Google Blocks YouTube on Windows Phone
Google Blocks YouTube
It all started 2 years ago, when Microsoft criticized Google for not letting it deliver a fully featured YouTube app similar to how the service was available on other platforms. It even filed a formal complaint with the European Commission over Google’s search options in the European Union, saying Google wasn’t playing fair by blocking full access to Youtube to other search engines and service providers.
Until this time, Microsoft’s Windows Phone lacked a proper YouTube app. The app at that time simply redirect to Youtube’s mobile site. Then in May this year, Microsoft released a full-fledged YouTube app that offered functionality similar to apps available on other platforms.
Google promptly objected to the Microsoft app, saying the app violated terms and conditions of the YouTube API. The Windows Phone app did not serve advertisements and allowed users to download videos for offline viewing. The company sent a cease and desist letter to Microsoft, following which both of them agreed to work together to come up with an updated app which would be in line with the YouTube API’s terms of service.
Microsoft must use HTML5 : Google
The partnership, however, did not seem to work out. Both companies disagreed over the use of HTML5 in the app. Google wants Microsoft to build the YouTube app in HTML5. This, despite the fact that the YouTube apps on iOS and Android have been built in native code. Google’s Guidelines require developers to use HTML5 to build YouTube apps, and the company expects Microsoft to adhere to them like all others.
We value our broad developer community and therefore ask everyone to adhere to the same guidelines. We’ve been working with Microsoft to build a fully featured YouTube for Windows Phone app, based on HTML5. Unfortunately, Microsoft has not made the browser upgrades necessary to enable a fully-featured YouTube experience, and has instead re-released a YouTube app that violates our Terms of Service. It has been disabled. – Google
Microsoft on its part, argues that a fully-functional HTML5 app isn’t currently possible due to Windows Phone’s limitations. These limitations will be addressed in a future update/release for Windows Phone. But for now, HTML5 just can’t work. The company is accusing Google of ‘manufacturing’ roadblocks that it knows are impossible to overcome.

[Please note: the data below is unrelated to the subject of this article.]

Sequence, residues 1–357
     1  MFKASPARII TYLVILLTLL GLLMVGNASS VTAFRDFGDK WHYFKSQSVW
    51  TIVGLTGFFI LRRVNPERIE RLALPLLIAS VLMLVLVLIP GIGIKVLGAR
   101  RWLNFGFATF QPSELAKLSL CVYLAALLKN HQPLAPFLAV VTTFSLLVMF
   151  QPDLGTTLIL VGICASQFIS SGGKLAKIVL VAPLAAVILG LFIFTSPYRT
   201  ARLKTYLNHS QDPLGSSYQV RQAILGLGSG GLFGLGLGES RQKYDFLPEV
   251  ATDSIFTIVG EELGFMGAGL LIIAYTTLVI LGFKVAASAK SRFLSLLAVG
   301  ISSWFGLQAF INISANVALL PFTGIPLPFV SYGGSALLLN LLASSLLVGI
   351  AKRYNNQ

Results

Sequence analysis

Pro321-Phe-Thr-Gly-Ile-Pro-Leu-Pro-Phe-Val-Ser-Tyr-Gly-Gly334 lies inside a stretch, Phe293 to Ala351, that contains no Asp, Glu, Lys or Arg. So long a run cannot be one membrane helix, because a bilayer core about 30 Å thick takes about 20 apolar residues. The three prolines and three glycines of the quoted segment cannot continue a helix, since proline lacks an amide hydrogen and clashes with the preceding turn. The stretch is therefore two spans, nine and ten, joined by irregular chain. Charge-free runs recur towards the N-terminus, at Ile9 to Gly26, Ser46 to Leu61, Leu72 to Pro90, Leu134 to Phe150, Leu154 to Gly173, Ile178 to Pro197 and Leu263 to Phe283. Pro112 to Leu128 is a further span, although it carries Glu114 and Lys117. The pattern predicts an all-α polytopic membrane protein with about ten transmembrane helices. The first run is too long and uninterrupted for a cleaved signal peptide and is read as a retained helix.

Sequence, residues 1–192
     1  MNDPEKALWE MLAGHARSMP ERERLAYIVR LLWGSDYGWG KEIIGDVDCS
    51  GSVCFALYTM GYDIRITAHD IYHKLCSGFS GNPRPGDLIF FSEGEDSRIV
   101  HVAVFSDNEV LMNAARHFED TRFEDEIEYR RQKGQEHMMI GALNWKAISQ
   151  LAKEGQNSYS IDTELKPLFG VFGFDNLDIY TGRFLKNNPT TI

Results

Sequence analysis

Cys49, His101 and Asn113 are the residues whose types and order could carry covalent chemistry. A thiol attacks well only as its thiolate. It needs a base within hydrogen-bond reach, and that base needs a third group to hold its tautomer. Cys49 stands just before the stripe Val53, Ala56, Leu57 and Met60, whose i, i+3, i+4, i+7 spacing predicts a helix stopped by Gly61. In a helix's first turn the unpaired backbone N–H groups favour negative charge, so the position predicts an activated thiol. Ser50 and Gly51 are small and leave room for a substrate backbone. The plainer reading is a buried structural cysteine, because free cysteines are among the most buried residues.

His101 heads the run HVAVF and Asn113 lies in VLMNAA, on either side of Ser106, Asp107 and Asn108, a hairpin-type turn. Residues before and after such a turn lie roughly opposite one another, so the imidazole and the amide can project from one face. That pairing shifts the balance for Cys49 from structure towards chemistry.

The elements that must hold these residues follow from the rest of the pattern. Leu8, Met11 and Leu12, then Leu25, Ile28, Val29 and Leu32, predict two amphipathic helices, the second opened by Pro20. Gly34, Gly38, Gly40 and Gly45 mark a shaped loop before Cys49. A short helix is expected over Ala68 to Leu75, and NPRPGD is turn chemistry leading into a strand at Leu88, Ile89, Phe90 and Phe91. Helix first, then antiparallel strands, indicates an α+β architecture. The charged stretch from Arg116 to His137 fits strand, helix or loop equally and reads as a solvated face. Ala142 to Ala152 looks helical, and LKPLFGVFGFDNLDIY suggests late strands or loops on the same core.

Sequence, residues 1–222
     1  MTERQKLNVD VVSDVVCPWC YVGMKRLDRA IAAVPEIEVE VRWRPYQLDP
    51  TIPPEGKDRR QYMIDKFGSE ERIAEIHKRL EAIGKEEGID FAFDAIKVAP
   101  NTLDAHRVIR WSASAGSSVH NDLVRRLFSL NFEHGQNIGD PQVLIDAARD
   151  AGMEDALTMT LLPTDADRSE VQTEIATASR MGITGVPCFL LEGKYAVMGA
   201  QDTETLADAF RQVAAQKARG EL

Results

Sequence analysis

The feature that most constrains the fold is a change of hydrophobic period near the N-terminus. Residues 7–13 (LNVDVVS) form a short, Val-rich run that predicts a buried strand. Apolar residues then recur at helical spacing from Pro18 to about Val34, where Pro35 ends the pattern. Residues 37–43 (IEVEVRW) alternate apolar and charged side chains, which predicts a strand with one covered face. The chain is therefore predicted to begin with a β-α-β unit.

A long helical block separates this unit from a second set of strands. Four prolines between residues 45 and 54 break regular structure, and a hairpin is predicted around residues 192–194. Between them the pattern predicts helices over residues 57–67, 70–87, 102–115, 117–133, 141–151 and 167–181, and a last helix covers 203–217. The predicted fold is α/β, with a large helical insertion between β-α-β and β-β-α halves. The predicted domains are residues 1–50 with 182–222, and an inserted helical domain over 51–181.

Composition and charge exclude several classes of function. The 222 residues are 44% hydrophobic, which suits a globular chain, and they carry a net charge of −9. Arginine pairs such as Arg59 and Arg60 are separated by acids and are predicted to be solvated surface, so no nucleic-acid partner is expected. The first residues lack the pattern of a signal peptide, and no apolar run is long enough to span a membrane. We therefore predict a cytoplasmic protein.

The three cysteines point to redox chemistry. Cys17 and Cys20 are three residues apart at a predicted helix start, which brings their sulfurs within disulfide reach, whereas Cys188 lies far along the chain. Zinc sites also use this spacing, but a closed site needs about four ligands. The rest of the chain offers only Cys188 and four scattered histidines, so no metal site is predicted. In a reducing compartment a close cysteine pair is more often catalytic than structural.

For this reason, we made a decision this week to publish our non-HTML5 app while committing to work with Google long-term on an app based on HTML5. We believe this approach delivers our customers a short-term experience on par with the other platforms while putting us in the same position as Android and iOS in enabling an eventual transition to new technology. – David Howard, Corporate Vice President, Microsoft.
When the updated YouTube app was readied, Microsoft simultaneously sent the app to Google and published it online on the Windows Phone store. No approval was sought from Google. Google then responded by revoking the API key Microsoft was using, thus cutting off access to YouTube on the Windows Phone app.
The issue still stands unresolved. Microsoft has said it is collaborating with Google to bring this to a close. Google’s lack of concern about potential customer dissatisfaction isn’t surprising. The search giant considers Windows Phone to be a very small platform, and has even gone on record to say it would NOT be bringing out apps to the platform.
Microsoft obviously isn’t pleased with how things have turned out. But Google doesn’t seem to care.
Well now, until this issue is resolved, I’ll hold out on buying that Lumia 520 I’ve been wanting.
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